Crowdsourcing Emerging Manufacturing and Water Security Technology
What are some new ways to expand the manufacturing process and incorporate 3D printing to create new tools and applications to speed up replacing infrastructure during natural disasters? Or, to help meet the global need for safe, secure, and affordable water?
Borrowing from the successful NASA Challenges playbook, the US Department of Energy (DOE) recently launched several crowdsourcing efforts to incentivize new applications and technologies in additive manufacturing, also known as 3D printing, and transforming nontraditional water sources into resources.
Manufacturing Innovator Challenges
The Manufacturing Innovator Challenge is on the Freelancer.com website. The focus is on additive manufacturing, bioenergy, buildings, vehicle technologies, and other topics.
The first open Manufacturing Innovator challenges end on December 7, 2018:
- 3D printing for disaster response—Concept designs for innovative and new uses of 3D printing for onsite manufacturing of critical infrastructure during hurricanes, wildfires, or other disasters. Instead of shipping infrastructure from other locations, using additive manufacturing to produce poles to carry power lines or other critical infrastructure onsite, or as close as possible to where it’s needed, could help accelerate recovery times.
3D printing for solid state lighting manufacturing—New design concepts in additive manufacturing/3D printing of optical materials for solid state lighting (SSL), including advanced reflective components for luminaires.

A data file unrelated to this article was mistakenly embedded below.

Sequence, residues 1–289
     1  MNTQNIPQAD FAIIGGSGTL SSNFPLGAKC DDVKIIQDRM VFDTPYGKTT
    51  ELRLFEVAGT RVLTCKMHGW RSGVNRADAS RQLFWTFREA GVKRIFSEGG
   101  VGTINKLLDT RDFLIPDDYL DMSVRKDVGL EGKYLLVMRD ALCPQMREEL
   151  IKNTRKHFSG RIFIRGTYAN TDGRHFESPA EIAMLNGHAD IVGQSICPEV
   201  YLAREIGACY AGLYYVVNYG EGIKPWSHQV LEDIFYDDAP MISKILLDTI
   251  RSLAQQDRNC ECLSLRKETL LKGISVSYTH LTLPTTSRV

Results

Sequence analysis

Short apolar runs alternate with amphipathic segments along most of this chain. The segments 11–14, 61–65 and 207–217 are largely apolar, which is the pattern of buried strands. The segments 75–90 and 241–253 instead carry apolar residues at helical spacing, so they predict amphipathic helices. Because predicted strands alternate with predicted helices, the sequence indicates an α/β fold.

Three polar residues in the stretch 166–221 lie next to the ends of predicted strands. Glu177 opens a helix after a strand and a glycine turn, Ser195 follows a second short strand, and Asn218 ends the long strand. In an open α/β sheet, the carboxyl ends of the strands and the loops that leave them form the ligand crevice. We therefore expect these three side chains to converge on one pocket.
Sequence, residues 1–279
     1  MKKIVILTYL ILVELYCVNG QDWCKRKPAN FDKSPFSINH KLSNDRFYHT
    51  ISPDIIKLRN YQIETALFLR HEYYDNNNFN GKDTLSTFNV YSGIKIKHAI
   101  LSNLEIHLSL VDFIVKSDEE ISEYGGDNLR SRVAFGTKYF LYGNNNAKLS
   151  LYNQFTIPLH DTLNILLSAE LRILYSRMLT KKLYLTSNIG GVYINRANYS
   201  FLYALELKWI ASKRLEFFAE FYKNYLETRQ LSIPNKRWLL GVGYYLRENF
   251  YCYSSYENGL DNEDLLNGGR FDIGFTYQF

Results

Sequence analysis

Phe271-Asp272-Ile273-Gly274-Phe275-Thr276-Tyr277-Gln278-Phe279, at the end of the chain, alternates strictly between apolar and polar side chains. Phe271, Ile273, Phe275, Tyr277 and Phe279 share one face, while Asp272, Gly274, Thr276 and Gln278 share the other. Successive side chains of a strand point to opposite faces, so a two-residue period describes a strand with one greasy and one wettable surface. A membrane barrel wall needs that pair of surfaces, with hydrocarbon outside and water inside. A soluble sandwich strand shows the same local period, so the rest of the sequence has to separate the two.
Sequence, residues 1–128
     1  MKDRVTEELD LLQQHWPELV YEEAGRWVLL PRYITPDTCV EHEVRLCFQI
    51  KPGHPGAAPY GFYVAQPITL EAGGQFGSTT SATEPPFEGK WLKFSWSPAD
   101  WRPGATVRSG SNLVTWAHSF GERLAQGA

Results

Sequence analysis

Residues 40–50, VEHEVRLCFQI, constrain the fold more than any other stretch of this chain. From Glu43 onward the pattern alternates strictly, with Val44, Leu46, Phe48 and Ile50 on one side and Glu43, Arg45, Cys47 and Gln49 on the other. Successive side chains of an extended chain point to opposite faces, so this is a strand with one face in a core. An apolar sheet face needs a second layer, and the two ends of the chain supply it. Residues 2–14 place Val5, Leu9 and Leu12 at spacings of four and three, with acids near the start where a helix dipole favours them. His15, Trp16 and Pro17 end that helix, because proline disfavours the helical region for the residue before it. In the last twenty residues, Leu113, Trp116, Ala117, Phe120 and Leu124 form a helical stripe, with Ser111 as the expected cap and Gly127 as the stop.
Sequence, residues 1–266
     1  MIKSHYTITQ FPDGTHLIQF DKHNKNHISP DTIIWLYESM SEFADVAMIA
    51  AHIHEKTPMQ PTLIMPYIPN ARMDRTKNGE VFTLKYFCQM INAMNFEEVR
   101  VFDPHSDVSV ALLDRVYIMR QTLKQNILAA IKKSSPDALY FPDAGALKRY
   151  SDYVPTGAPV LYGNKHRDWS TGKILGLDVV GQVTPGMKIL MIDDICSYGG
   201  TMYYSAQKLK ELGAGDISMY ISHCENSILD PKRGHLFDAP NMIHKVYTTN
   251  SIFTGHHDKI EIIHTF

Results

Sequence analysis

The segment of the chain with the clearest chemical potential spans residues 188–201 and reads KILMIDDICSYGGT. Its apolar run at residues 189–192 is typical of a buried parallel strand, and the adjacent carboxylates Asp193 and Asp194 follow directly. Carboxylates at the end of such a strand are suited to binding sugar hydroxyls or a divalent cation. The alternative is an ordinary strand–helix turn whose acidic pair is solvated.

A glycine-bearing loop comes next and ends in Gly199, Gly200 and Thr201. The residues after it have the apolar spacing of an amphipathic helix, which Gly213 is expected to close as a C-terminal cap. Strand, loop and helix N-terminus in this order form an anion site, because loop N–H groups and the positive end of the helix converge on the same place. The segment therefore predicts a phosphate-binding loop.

Upcoming Manufacturing Innovator challenges yet to be announced will look for concepts such as large scale 3D printing, bio-based additive manufacturing, low-cost portable refrigerant leak detector for residential use, and lightweight turbocharger turbine wheel.
Individual prizes range from $2,500 to $10,000.
Water Security Grand Challenge
The DOE will also partner with the US Environmental Protection Agency (EPA) to build out the Water Security Grand Challenge, with future programs and funding opportunities to be announced. Among the top three goals of the program is to deliver cost-competitive clean water, change water produced by the energy sector from a waste to a resource, and attain near-zero water impact for new thermoelectric power plants.
Spark Your Creativity
If you need some inspiration, researchers at the Georgia Institute of Technology, Peking University, and the Beijing Institute of Technology are working on combining origami engineering with a type of 3D printing called Digital Light Processing to manufacture complex, yet light weight, origami structures that are capable of holding significant weight. The one-step fabrication approach could have applications ranging from biomedical devices to equipment used in space exploration.
Of course, sometimes ideas pop up when we’re doing something different. Here’s an interesting challenge: How about contributing to the new Library of Congress crowdsourcing project and help transcribe thousands of documents, including letters sent to and written by Abraham Lincoln, Clara Barton’s diaries, or Branch Rickey’s baseball scouting reports?
Are you up for a challenge?